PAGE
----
School improvement: moving beyond Covid to a stronger education system

By Matt Walker, NFER Senior Research Manager

Wednesday 18 November 2020

Today, the NAHT published the findings from its School Improvement Commission. The report draws together research evidence and testimony from a number of expert witnesses and organisations, including the NFER.

Schools have had to provide a safe environment for both staff and pupils, while teaching and learning is disrupted to a level never seen before. The report makes it clear that sustainable school improvement is an ongoing, long-term activity.

The Covid-19 pandemic has meant that the school improvement challenge has arguably never been greater. It has required schools to deal with the immediate challenges of providing a safe environment for both staff and pupils. It has also severely disrupted teaching and learning processes, as we have written about extensively elsewhere. In the medium-term, this will require a focus on learning recovery and catch-up, but as the commission’s report makes clear, sustainable school improvement is an ongoing, long-term activity that all schools should engage in, and it is likely to require a multi-faceted approach involving a range of stakeholders.

The report highlights a number of salient messages and actions, many of which accord with our own research evidence, as discussed below.

  • Schools are only as good as the people that work in them. Teacher quality is the driving force of school improvement, so if we want every pupil in the country to be taught by an expert teacher, we need schools to have access to high-quality CPD for all teachers, as well as a ready supply of expert staff. In addition to ensuring teachers have the time and freedom to engage in professional development, we need to reduce unnecessary workload wherever possible. School leaders are increasingly doing more to reduce teachers’ working hours. In addition, there is some evidence to suggest that teachers’ working hours have reduced in recent years, and that prior to the pandemic, teachers’ perceptions of their workload may also have been improving. Recent months have also seen a surge in applications for initial teacher training – an encouraging sign for schools’ short-term supply needs – but we need to ensure these new teachers stay in the profession.
  • School leaders need to create the conditions in which teachers can flourish and pupils can succeed. This risks becoming lost as additional responsibilities are loaded onto the role, and accountability pressures drive activity that has more to do with being Ofsted-ready than improving teaching and learning. Our own research suggests that headteachers are more likely to focus on external challenges, such as deprivation, austerity, and staff supply, rather than those elements they can control, like improving the quality of teaching within school. Headteachers should be empowered to reassert their role as leaders of learning in the face of pressure for quick wins or shifting goalposts. And, they need support and training in order to do so.
  • School improvement should be a collaborative endeavour. There are real benefits to working in partnership with others, but the current system too often places schools in competition instead. For example, there is considerable evidence that school-to-school partnership working can be effective in supporting and accelerating improvements in participating schools, particularly where schools exhibit certain characteristics, such as shared goals and ambitions for development. We need to re-examine incentives and structures within the system to redress this imbalance.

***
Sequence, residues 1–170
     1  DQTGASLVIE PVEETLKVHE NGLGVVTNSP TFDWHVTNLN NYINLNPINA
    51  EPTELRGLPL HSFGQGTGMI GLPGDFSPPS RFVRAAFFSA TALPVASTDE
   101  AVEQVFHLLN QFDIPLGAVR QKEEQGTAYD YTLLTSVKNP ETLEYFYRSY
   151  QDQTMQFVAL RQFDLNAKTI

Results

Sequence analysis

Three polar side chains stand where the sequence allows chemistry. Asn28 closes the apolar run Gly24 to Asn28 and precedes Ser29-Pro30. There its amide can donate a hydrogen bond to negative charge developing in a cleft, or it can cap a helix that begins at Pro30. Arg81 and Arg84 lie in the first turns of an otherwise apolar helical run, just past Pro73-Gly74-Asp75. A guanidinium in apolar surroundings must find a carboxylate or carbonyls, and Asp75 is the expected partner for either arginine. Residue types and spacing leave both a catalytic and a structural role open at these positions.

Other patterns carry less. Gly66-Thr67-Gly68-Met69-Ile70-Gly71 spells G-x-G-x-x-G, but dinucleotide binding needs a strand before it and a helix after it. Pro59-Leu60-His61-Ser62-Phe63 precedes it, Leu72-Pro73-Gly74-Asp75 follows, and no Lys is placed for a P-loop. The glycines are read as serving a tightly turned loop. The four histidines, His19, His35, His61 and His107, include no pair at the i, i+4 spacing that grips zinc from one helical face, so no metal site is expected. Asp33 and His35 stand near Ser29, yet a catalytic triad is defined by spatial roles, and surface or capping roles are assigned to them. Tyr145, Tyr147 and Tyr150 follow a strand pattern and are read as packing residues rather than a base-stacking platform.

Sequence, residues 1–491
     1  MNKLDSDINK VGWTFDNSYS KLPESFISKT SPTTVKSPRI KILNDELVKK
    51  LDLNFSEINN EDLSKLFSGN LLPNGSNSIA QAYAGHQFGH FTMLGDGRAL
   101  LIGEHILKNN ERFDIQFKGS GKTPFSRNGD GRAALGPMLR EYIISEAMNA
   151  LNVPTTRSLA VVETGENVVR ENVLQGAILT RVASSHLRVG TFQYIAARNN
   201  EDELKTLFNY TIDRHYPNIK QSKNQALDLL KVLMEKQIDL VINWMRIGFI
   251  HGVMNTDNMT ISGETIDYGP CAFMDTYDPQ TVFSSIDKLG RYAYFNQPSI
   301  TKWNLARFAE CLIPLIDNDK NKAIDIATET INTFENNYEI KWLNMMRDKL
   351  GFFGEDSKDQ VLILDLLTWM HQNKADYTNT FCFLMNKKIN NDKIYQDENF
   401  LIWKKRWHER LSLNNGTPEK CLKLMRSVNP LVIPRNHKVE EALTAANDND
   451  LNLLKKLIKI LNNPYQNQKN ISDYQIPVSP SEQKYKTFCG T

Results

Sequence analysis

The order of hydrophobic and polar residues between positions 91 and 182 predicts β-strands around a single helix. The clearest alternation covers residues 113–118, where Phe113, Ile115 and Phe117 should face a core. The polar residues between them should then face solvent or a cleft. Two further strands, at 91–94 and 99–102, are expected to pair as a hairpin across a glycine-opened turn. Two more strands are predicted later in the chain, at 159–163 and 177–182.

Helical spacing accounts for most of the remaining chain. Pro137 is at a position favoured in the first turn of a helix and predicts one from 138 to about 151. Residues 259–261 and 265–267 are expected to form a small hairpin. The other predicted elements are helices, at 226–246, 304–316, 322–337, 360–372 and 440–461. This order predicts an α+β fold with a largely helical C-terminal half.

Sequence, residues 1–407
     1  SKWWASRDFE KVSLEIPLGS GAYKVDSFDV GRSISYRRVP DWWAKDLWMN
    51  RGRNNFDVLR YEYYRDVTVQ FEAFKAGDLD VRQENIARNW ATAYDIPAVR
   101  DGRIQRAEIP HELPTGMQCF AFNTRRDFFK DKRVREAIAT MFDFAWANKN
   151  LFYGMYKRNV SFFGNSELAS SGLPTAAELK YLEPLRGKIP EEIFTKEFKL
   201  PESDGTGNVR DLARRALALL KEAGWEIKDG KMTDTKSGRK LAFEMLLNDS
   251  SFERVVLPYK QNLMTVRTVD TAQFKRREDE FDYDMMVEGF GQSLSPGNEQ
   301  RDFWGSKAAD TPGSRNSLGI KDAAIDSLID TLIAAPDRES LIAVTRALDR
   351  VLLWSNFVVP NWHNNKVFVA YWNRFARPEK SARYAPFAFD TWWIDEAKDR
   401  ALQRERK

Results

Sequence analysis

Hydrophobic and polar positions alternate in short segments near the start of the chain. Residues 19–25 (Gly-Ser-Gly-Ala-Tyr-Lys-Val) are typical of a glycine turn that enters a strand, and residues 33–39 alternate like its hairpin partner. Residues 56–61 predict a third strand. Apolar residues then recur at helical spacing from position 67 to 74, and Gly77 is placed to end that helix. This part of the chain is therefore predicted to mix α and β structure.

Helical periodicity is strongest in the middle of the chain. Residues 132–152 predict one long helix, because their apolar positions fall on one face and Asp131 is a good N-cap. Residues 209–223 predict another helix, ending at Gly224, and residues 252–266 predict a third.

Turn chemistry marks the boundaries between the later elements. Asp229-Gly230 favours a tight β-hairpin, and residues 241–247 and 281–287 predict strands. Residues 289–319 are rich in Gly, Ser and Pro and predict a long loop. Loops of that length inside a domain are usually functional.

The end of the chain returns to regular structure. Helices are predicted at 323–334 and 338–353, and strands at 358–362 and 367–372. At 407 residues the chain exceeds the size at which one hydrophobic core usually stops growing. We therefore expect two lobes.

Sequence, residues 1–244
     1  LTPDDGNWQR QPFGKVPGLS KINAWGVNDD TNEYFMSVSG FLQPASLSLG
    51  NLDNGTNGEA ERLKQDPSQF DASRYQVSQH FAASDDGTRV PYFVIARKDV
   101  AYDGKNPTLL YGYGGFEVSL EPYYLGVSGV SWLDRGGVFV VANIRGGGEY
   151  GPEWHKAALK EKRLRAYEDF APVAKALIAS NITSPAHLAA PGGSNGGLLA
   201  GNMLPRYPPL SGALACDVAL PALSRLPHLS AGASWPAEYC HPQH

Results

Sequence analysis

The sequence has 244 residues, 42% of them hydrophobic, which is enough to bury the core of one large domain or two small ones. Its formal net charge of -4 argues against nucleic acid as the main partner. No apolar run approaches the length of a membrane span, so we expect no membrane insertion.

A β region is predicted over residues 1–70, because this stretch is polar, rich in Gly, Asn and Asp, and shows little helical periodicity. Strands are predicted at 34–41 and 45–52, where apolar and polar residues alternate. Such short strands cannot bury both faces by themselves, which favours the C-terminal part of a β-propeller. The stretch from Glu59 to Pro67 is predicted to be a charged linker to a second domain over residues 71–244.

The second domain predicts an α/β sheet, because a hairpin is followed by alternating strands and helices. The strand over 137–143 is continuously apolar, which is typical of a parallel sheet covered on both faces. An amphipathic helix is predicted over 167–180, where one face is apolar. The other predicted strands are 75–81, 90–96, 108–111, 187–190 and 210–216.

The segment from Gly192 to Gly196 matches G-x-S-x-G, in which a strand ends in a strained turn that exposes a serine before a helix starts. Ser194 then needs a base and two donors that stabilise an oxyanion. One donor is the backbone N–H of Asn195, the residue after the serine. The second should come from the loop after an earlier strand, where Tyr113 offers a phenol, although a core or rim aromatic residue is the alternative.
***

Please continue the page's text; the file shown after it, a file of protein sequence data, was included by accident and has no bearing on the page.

Ten characteristics of an effective school-to-school partnership

Source: NFER evaluation of the Gaining Ground Strategy

A range of delivery mechanisms exist to support collaborative working, including the recently announced time-limited school-to-school recovery support to schools and trusts to overcome challenges faced or exacerbated as a result of the pandemic. However, our research with schools in challenging circumstances also revealed that some headteachers experience ‘initiative overload’, and can become overwhelmed by the range of support initiatives available. It is important that schools are able to diagnose and prioritise their improvement efforts, drawing on fresh insights and support from others.

  • School improvement should be seen as a continuous journey, not a destination to be arrived at. Too often, schools mark their improvement through the Ofsted grading lens. Indeed, fixating on Ofsted can lead to a short-term focus, and a ‘scatter-gun’ approach to improvement, with a range of initiatives launched with limited assessment of what actually works. NFER’s research, in support of the commission’s work, explored senior leaders’ and classroom teachers’ views on the effectiveness with which schools identify, prioritise and take action on school improvement priorities. Our analysis found that appropriate action did not always follow identifying school priorities as school staff were forced to respond to more immediate issues.

Final thoughts

In order to achieve the goals outlined above, we must move towards long-term, sustainable, improvement over quick fixes. We must also acknowledge that schools alone cannot tackle the wider societal challenges of poverty, unemployment and poor housing.

School leaders already have much of the power to change the climate, but they must be supported and developed to create the conditions for their teachers and students to thrive. Too many feel forced to compete with their peers in the face of high-stakes accountability measures, pushed into short-term patches rather than long-term improvement. Now it just needs to be easier to choose the right path, to align accountability measures and incentives, and help make our schools the best places possible to work and to thrive.